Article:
Preview: Guilt. Free. Partying. ‘Make Noise’ Glasgow

Love partying? Hate the guilt? This is the one for you. Imagine for a minute you’re the Glaswegian Pinocchio. It’s a Thursday Night and you fancy going clubbing. So you have a few drinks with your mates, head to Subby, and it’s all well and good until you get to the door and you find that instead of the usual bouncers it’s Jiminy Cricket standing there. Then he asks you when was the last time was that you recycled your mobile phone? Lost for words, you just blurt out that you don’t have a phone and before you know it, your nose has gotten so big that you can’t fit through the door. Don’t be that guy. Bring your broken electrical goods and exchange them for a night of clubbing goodness. When: Thurs 22nd Nov Where: Sub Club Door tax: FREE with any broken electrical item. NB in the eventuality that you can’t find anything GUM recommends going via Murano/checking the nearest skip. (This is not an excuse to dash your phone out the window/drunkenly drop it down the toilet and claim a new one on insurance.) Line up: Benji B (Radio 1) DJ Martelo  (NTS) and Conquering Animal Sound (Live set)

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Eco-Flying: Is flying worth the cost?

Today, ideas about environmentalism are nothing ground-breaking or unheard of. They’ve been adopted into our mind-set of political and social consciousness to the point that every other advert appeals to our sensibility of ‘green living’.  While many of us will prescribe to a vague environmental principle, we still aren’t questioning the most environmentally harmful decision we make: flying.

Aviation is a growing industry and according to governmental advisers, the Committee on Climate Change, the fastest growing source of CO2 emissions in the country. Both current projects and plans for airport expansion across the UK are a very real threat to aims to meet reduced carbon targets by 2050. Pitched as an economic solution, BAA’s recent advertising campaign claimed that ‘The road to economic recovery isn’t a road, it’s a flightpath’. Thus, airport expansion appears to be favoured and financially backed by policy makers: Boris Johnson’s proposal to develop an airport on the Thames Estuary is estimated to cost £50 billion and plans to accommodate 150 million passengers per year. While this may be one of the most far-fetched proposals on the table, the list of UK airports undergoing and potentially embarking on expansion is lengthy.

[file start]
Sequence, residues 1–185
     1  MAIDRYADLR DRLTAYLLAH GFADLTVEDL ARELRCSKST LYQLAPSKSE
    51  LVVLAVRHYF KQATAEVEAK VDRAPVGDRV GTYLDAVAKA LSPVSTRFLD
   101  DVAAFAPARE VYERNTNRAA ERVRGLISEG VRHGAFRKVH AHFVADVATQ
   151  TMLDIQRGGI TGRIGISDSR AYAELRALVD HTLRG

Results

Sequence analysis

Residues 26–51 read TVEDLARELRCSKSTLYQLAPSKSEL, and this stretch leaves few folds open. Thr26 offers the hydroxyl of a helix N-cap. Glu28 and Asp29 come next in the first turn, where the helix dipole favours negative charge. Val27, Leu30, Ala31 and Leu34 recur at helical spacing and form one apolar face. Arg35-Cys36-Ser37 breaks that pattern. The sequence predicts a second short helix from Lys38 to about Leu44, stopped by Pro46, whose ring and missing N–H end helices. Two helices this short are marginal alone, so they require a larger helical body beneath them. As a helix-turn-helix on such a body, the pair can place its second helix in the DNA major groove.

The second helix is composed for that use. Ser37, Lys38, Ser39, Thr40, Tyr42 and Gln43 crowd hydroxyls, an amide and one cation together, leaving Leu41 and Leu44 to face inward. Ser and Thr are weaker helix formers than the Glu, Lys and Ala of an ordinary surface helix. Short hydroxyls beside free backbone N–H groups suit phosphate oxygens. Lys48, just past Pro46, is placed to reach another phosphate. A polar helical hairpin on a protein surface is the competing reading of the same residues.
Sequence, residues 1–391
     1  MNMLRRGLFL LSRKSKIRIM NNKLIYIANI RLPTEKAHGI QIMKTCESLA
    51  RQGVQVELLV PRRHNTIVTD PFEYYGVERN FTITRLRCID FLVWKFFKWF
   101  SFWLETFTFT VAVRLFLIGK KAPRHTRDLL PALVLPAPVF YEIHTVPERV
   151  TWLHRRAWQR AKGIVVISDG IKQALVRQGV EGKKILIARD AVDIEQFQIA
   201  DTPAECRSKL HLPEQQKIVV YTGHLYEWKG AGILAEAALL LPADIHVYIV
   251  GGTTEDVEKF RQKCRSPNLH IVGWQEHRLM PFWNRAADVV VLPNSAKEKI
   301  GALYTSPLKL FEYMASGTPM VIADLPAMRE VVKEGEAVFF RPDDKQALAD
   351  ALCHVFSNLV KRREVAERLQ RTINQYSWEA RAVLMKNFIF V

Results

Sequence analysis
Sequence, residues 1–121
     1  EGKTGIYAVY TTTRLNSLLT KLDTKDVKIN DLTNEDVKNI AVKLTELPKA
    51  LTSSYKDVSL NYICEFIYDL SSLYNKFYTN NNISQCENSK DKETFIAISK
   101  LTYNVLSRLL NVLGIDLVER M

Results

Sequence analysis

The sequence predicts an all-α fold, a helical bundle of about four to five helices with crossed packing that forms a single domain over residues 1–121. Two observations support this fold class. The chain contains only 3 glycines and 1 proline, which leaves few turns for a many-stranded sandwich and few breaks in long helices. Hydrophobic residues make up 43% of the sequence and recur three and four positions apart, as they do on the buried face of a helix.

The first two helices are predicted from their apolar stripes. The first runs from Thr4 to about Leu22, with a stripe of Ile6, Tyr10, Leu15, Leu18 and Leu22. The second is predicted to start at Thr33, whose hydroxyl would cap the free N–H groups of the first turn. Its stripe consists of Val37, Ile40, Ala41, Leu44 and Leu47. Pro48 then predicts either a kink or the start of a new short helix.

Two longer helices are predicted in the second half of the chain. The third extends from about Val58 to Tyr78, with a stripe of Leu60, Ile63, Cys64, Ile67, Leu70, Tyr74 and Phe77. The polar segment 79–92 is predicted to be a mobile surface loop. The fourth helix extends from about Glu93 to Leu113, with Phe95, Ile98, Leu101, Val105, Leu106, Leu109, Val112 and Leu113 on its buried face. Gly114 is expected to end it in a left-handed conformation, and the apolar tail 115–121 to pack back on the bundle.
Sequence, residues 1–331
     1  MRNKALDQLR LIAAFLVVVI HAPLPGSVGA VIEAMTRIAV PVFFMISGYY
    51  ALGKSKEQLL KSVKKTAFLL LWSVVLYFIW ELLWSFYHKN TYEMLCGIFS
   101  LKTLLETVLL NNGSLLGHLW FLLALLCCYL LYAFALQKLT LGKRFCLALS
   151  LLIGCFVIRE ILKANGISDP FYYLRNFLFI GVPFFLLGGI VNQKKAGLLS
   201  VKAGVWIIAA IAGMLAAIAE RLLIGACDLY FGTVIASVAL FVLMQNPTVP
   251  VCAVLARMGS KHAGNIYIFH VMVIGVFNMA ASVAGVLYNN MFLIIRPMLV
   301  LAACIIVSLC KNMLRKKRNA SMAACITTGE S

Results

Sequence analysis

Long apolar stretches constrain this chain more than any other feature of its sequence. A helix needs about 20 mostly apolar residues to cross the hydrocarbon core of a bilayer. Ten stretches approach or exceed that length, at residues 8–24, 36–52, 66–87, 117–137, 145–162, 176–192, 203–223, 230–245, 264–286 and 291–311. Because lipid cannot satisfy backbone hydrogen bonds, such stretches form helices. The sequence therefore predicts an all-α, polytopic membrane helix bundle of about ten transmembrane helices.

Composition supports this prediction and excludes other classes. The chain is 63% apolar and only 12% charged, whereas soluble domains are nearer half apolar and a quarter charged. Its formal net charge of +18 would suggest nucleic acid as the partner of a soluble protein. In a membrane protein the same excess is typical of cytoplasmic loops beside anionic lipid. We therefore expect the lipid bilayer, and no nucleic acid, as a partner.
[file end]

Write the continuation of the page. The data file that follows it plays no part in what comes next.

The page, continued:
Short-haul flying (anything under three hours) bears the weight of responsibility for much of the increase in demand. Virgin have announced their new domestic flights from London to Manchester to be the first of many routes, keeping up competition with BA. The majority of fuel is burnt during take-offs and landings, meaning that short haul flights are even more disproportionate in terms of fuel to distance and more ridiculous compared to emission levels of travel alternatives.  Domestic flying is ten times as carbon intensive as train use before we even consider the difference in altitude.

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